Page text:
Göttinger Predigten im Internet
ed. by U. Nembach, J. Neukirch, C. Dinkel, I. Karle

A Sermon based on Luke 2: 21 (RCL) by David Zersen
(->current sermons )

On the eighth day, when it was time to circumcise him, he was named Jesus, the name the angel had given him before he had been conceived. (NIV)


In you, as in me, varying personality quirks give vent at differing moments. One which often surfaces in me is relatively driven and determined. I operate with plans, procedures and policies. Because I am so used to employing this particular persuasion in my work life, I all too often turn to it in my leisure time. When it comes to planning a vacation, I do it in detail. Online motel reservation services assure where I will stay at night. Mapquest helps me to plan the routes beforehand. Well-read travel guides tell me which sites, attractions or restaurants I should visit. Do you know what I’m talking about?

In my fantasy world, however, I am a vagabond, a sojourner, like Abraham, a wanderer on the face of the earth. A couple years ago I moved from the sedate life of sedan driving to the more venturesome prospect of charting the unknown in a Honda CRV. I thought that, just perhaps, my wife and I might set out one day, driving southwest from Texas, no particular destiny in mind, no reservations made, all travel guides unread. We might just arrive somewhere, confident that an inn might have room, and that an innkeeper would feed us.

This has yet to happen, but deep within me, the prospect that it might, keeps me sane in the midst of my rather organized life. The thought that one day, we might simply head for tomorrow, without trying to predetermine whether tomorrow will come or what it might look like, is an attractive potential for all of us who try to resist the strait-jacket pressures of high-intensity modern living. Whether or not we will one day take that trip is a good question to ask on the first day of 2007.

It is, of course, in principle, a theological question, and we know this very well. We cannot live without some planning or structure, or we will find ourselves begging on the streets. However, trying to control all the details of our lives, confident that we know, from our human perspective, what life should look like in all its details, is a kind of hubris which has “Dead End” written all over it. Inevitably, when we take control, there are elements of our nature, such as jealously, anger, lust, and narcissism, which turn us onto side roads and two-tracks in the sand. The main highway leads elsewhere and we are finally lost in places where we ought not to be. This is the story of sin, and we know it well. We were, however, cut out for the open road, for the journey of God’s own making. As Christians, we have a certain destiny which does not require our all-too-human tampering. God waits for us to trust his love for us and to venture out knowing that he secured our future.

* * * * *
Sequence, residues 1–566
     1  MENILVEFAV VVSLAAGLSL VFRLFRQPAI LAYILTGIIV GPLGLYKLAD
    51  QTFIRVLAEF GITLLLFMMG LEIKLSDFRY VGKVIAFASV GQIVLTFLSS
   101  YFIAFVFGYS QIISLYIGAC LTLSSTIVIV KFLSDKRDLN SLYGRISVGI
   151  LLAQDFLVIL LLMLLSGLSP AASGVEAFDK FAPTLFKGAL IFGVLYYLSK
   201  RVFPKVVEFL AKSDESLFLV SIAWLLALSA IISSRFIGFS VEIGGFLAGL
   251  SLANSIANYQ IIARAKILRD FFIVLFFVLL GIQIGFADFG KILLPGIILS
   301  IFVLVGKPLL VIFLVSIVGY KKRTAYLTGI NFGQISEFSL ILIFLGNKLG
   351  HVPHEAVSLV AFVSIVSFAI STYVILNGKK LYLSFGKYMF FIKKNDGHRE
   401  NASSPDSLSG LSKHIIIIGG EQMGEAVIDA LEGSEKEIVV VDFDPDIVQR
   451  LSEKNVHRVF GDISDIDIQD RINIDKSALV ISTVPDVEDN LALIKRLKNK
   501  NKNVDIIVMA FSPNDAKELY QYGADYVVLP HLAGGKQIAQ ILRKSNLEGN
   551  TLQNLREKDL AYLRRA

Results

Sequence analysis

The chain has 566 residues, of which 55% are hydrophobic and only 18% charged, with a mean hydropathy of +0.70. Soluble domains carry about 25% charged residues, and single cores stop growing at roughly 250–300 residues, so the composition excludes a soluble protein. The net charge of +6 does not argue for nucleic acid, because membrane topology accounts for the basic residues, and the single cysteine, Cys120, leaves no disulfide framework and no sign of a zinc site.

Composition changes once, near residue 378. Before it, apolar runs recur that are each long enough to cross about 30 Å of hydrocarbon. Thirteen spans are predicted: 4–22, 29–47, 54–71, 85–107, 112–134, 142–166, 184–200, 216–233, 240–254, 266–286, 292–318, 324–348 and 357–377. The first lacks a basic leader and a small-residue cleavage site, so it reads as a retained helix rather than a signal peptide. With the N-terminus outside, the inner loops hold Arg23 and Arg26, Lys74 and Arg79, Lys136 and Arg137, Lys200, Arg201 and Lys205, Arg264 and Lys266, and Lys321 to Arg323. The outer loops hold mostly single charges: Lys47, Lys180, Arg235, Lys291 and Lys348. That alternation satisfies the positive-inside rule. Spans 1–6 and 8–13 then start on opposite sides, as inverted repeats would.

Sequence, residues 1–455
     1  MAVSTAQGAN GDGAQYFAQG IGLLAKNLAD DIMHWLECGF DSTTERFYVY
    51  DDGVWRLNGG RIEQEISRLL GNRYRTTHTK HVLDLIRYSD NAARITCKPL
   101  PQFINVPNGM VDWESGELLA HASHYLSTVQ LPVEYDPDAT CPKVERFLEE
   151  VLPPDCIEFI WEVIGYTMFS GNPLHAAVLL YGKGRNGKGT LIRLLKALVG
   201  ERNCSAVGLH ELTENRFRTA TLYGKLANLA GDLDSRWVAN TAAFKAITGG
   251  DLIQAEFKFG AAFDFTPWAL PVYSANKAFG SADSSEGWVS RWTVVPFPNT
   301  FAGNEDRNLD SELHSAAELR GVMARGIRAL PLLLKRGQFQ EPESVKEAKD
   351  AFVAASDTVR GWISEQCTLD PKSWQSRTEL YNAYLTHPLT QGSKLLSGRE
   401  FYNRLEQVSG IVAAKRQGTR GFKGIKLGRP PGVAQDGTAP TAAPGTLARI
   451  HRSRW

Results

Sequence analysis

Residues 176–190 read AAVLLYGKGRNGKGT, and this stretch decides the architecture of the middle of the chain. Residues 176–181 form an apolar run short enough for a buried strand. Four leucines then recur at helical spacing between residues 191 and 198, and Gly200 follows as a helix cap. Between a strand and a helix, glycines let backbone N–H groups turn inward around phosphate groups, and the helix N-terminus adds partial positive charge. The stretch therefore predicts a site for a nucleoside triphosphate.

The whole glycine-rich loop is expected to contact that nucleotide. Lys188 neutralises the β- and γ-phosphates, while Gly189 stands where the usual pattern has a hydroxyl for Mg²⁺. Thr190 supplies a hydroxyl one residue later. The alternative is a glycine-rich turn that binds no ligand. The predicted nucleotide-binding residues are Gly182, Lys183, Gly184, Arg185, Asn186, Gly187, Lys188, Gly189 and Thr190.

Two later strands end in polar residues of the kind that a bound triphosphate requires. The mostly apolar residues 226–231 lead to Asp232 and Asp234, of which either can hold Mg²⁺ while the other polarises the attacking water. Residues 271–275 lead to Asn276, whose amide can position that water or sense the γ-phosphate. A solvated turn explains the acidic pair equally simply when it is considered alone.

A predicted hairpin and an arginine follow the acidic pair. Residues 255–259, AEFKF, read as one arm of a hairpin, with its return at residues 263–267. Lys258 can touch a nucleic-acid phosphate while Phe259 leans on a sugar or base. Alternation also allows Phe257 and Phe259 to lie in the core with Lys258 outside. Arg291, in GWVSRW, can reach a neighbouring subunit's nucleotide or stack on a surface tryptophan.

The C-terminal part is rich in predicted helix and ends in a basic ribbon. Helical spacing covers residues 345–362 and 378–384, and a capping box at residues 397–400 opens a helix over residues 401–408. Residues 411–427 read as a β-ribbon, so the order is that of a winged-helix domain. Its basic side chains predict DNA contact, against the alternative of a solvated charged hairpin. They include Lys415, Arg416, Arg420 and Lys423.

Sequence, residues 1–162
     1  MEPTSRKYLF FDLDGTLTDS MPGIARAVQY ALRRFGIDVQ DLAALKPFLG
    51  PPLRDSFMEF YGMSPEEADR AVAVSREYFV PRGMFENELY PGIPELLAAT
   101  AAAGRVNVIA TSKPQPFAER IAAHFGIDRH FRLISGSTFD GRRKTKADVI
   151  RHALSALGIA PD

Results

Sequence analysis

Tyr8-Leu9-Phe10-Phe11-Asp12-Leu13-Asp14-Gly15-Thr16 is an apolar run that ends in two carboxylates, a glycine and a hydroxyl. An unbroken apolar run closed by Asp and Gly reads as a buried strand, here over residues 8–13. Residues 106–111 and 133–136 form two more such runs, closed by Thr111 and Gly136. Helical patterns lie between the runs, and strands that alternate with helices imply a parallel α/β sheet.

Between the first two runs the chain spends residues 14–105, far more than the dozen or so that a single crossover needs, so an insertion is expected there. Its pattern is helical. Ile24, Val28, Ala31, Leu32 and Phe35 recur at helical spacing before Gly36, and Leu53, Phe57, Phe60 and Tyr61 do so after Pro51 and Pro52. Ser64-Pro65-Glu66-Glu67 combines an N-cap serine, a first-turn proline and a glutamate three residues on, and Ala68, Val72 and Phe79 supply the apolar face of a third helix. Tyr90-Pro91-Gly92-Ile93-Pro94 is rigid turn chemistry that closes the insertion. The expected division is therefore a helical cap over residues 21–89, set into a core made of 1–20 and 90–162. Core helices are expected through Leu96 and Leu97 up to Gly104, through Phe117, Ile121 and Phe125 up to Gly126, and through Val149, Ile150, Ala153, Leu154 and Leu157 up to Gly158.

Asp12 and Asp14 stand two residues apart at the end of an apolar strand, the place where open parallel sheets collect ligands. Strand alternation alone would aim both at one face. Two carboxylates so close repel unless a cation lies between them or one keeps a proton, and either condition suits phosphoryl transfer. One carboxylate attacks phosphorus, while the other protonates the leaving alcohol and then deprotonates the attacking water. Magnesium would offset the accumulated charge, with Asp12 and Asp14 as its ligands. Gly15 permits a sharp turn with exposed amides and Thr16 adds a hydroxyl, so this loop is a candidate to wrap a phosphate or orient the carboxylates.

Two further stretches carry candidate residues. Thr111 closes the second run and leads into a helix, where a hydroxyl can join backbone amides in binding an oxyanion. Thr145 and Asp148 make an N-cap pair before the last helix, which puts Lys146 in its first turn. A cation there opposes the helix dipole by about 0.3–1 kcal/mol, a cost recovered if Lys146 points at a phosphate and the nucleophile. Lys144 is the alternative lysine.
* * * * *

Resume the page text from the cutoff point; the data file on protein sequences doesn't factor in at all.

I. A New Beginning for Jesus and for Us.

The text for New Year’s Day can help us think through these matters in very personal ways. We can imagine the thoughts of Joseph and Mary as their child was brought to be circumcised and named. This was a moment in Jewish life when a male child came to be part of God’s covenant people and received a name which would indicate his role in future years. The parents were typically filled with hope and excitement as God opened the door of the future to their child. It was a great moment of trust as parents waited on God to experience the ways in which the name would have its impact in God’s certain destiny.

In the United States, we have all but forgotten the concept of naming children symbolically, expressing hope and faith for their future through their names. Recently, however, I had an opportunity to visit with a young Ghanaian girl named Peace, in her mid-twenties, a member of the Ewe tribe. She told me that her people choose Biblical names to be given at Baptism, typically names like Love, Hope, Patience, etc. Sometimes, she said, if parents can’t agree, or if grandparents want some role, the child may have several names. In her own experience, she remembered times when her father would say to a sibling who was acting out, “your mother and I chose that name for you, and you need to be giving thought to how you will fulfill its meaning.” Names in the Ewe culture still have this Biblical sense of symbolizing a destiny which God seeks to fulfill in you.

In Jesus’ case, his name and destiny had significant portent. Jesus is a form of the Hebrew Joshua, meaning “Savior.” It was his privilege to carry the name which led to his becoming the spiritual liberator of his people. Little did Joseph and Mary know how this name and role would ultimately play itself out. In the humiliating rejection from his own people, leading to his crucifixion and death, God would cancel the failure and guilt resulting from human self-centeredness. And in the resurrection of Jesus, he would open those dead-end streets and desert two tracks, creating a highway leading to life eternal. On the day when Jesus was named, God already had this destiny in mind.

This has very personal application in our own lives. Our counterpart to this day of Jesus’ circumcision and naming is the day when our own parents bring us to baptism in great anticipation and hope. In baptism, God affirms us as his own and opens the future to us as members of his eternal family. To raise one’s children as God’s own children is one of the great nurturing roles of parents and sponsors—and whole Christian communities. On our baptismal days, God opens a door to us he will never shut. Even more profoundly, in the waters of baptism, we are drowned to a way of life that should have no control over us, even as we daily claim Jesus’ resurrecting power in our lives.